you can add sounds to your document and control sound playback. or the sound location for a streaming mp3 file. 4 In the dialog box that appears. use as many sounds and channels as you want without worrying about file size. Adding a sound using these behaviors creates an instance of the sound. do not change the option. The sounds are combined into a single sound track when you export as a QuickTime file. and click OK.0 Sound object Use the Sound object in ActionScript 2. enter the linkage identifier for a sound from the Library. Sound and ActionScript Control sounds using behaviors Using sound behaviors. 3 Select Sound > Play Sound. enter a name for this instance of the sound. Control sounds with the ActionScript 2. Sound > Stop Sound. • Click OK to verify that you want to stop all sounds. 2 In the Behaviors panel (Window > Behaviors). click the Add (+) button and select Sound > Load Sound from Library or Sound > Load Streaming mp3 File. or right-click (Windows) or Controlclick (Macintosh) the sound name in the Library panel and select Linkage from the context menu. 3 In the Load Sound dialog box. . 2 Select Linkage from the Panel menu in the upper-right corner of the panel. If you want to use the OnRelease event. Note: ActionScript 3. 4 In the Behaviors panel under event. and click OK.FLASH CS3 299 User Guide • When exporting QuickTime movies.0 in Adobe Flash. 1 Select the sound in the Library panel. that you want to use to trigger the behavior.0. such as a button.0 to add sounds to a document and to control sound objects in a document. 3 Under Linkage in the Linkage Properties dialog box. and select a mouse event from the menu.x and Flash Lite 2. Play or stop sounds using a behavior 1 Select the object. click On Release (the default event). The number of sounds you use has no effect on the final file size. click the Add (+) button. and click OK. which is then used to control the sound.x do not support behaviors. such as a button. Next. select Export for ActionScript. do one of the following: • Enter the linkage identifier and the instance name of the sound you want to play or stop. 2 In the Behaviors panel (Window > Behaviors). prewritten ActionScript 2. For more information. including adjusting the volume or the right and left balance while a sound plays. that you want to use to trigger the behavior.0 and Flash Lite 1. Load a sound to a file using a behavior 1 Select the object. 4 Enter an identifier string in the box. or Sound > Stop All Sounds. see Creating sound controls in Learning ActionScript 2. If you want to use the OnRelease event. 5 In the Behaviors panel under Event. click On Release (the default event) and select a mouse event from the menu. do not change the option.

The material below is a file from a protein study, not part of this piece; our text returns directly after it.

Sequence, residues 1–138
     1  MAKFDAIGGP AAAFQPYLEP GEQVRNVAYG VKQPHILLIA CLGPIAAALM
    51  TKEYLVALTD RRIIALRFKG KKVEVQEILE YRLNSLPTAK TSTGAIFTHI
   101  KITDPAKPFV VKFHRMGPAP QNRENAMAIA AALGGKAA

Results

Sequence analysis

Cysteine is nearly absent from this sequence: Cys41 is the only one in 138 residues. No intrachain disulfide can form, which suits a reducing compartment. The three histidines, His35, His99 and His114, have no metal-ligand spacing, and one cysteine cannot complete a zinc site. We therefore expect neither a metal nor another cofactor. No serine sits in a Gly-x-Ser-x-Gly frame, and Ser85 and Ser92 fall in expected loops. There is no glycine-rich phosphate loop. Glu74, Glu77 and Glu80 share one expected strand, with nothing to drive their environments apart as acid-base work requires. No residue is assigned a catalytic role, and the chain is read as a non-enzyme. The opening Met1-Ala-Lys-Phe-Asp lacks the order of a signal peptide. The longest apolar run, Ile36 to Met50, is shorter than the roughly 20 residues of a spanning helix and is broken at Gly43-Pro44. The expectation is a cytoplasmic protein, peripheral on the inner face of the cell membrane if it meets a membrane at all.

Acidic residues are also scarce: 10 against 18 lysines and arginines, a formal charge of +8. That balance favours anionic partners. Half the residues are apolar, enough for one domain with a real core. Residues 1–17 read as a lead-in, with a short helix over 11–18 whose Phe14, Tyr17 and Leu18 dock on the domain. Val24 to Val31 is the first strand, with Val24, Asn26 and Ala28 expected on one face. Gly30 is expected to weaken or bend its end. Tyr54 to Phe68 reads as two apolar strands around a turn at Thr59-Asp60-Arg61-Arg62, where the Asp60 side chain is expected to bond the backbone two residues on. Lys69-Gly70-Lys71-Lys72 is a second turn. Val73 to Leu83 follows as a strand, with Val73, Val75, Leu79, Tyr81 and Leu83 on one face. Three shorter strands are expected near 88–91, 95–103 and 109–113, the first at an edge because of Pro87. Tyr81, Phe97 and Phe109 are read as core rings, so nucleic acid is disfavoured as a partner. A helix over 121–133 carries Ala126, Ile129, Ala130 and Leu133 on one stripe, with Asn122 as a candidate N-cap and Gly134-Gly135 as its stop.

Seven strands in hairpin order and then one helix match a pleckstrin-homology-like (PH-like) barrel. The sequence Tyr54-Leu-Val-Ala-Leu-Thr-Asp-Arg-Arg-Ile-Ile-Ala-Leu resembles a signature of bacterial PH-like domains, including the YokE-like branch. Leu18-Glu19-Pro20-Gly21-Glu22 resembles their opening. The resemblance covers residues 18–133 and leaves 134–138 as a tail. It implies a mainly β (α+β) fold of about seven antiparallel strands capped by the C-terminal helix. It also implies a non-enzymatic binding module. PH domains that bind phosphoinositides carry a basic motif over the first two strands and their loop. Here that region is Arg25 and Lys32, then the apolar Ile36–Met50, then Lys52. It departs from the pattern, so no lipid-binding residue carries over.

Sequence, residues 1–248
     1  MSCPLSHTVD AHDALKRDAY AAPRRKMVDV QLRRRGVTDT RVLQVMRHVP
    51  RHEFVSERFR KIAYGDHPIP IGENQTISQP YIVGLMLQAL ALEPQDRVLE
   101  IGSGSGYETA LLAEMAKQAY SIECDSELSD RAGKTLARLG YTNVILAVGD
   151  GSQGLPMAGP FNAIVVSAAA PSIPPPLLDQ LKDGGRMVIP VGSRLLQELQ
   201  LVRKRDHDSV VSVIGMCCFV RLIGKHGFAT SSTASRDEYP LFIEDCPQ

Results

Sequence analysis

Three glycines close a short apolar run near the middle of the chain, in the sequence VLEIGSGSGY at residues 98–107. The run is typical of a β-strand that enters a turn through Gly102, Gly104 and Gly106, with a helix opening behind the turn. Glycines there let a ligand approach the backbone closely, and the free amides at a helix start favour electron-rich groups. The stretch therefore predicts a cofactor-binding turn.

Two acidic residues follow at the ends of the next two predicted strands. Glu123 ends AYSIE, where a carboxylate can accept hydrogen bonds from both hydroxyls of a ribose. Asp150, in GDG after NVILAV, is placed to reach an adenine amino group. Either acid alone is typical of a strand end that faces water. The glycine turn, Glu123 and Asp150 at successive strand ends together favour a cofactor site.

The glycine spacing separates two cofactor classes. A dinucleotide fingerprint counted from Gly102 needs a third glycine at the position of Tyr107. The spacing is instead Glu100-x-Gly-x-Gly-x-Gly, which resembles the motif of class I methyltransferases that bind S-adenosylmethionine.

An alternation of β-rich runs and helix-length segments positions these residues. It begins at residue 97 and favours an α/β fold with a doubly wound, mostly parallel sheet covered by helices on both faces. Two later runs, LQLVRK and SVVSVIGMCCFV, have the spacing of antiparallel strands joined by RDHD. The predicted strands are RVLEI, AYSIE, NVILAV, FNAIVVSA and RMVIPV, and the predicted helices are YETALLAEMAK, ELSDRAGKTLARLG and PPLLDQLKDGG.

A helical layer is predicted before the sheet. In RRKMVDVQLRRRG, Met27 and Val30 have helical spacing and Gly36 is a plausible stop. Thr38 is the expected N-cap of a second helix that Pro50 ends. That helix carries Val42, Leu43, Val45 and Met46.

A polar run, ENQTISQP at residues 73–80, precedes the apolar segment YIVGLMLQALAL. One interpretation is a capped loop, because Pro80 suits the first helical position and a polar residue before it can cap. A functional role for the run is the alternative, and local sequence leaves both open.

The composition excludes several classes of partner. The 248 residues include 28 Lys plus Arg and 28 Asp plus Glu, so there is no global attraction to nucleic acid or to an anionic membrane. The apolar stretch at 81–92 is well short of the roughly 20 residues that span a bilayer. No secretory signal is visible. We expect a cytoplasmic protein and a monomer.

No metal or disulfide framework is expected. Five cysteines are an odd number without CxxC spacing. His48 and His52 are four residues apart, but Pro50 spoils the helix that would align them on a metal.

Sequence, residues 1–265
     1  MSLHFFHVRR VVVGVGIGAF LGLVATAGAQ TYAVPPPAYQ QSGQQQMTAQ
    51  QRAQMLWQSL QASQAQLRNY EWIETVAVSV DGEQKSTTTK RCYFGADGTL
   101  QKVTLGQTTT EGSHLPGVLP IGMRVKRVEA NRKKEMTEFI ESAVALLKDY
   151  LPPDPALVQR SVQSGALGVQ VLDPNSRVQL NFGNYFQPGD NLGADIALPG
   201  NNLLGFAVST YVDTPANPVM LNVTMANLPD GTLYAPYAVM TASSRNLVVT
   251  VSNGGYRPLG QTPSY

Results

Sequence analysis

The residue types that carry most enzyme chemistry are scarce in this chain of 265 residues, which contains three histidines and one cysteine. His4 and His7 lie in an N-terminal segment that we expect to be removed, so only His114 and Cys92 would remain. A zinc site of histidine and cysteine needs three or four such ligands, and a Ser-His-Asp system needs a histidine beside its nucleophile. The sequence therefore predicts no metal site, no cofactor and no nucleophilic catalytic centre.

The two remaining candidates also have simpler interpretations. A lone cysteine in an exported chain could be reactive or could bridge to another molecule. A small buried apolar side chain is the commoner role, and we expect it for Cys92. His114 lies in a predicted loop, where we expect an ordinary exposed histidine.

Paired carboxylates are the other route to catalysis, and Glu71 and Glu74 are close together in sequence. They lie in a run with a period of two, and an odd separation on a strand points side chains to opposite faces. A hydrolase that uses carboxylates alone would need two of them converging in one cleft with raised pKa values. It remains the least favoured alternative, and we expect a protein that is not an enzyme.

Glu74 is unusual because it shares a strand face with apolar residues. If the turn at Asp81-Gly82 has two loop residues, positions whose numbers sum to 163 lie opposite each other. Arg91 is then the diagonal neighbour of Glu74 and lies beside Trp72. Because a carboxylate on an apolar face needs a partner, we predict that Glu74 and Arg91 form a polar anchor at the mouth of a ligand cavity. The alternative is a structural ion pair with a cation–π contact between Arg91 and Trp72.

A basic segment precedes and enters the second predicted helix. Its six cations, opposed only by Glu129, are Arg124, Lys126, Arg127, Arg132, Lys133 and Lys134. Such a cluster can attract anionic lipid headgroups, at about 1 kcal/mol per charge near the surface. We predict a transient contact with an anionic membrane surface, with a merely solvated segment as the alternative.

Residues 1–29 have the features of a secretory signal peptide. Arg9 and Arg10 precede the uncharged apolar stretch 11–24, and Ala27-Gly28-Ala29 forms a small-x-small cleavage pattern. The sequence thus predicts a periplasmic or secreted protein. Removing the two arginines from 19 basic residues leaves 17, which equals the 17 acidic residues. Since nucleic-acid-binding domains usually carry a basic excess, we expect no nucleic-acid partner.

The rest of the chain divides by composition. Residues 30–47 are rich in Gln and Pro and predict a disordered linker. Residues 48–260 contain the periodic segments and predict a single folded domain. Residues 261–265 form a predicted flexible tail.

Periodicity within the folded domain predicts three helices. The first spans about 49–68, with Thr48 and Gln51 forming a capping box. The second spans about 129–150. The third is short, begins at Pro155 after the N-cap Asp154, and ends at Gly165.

0 onSoundComplete event The onSoundComplete event of the ActionScript 2. the properties are available at the end of the data stream. when you load an mp3 sound using the ActionScript 2. of the sound sample attached to the sound object.1 tags.id3 property) in the ActionScript 2. Flash Player 6 (6.40. The duration property is a read-only property representing the duration. For more information on using the ID3 properties. Users must have Flash Player 6 (6. The position property is a read-only property representing the number of milliseconds the sound has been playing in each loop.FLASH CS3 300 User Guide Accessing ID3 properties in mp3 files with Flash Player Macromedia Flash Player 7 from Adobe and later supports ID3 v2. the event is triggered when the sound finishes looping. The onSoundComplete event of a Sound object is invoked automatically when the attached sound file finishes playing. such as the following: • Creating a dynamic playlist or sequencer • Creating a multimedia presentation that checks for narration completion before advancing to the next frame or scene • Building a game that synchronizes sounds to particular events or scenes and transitions smoothly between different sounds • Timing an image change to a sound—for example. the ID3 properties are undefined. The onID3 event executes when the ID3 data is initialized.0 and v1. see id3 (Sound.1 tags.0) or later for the ID3 properties to function.0 Sound object lets you trigger an event in a Flash application based on completing an attached sound file. The Sound object is a built-in object that lets you control sounds in a Flash application.0 Language Reference. With ID3 v1. For more information.0.0. The onSoundComplete event lets you manipulate sounds in a many ways.4 tags.0) and later supports mp3 files with ID3 v1. If a sound does not contain an ID3v1 tag. see Sound in the ActionScript 2. If the sound is looped a specified number of times. the ID3 tag properties are available at the beginning of the sound data stream. in milliseconds.0 Language Reference.0 and v1.4 and v2. changing an image when a sound is halfway through at playback time . The Sound object has two properties that you can use with the onSoundComplete event.0 attachSound() or loadSound() method. With this version.40. About the ActionScript 2.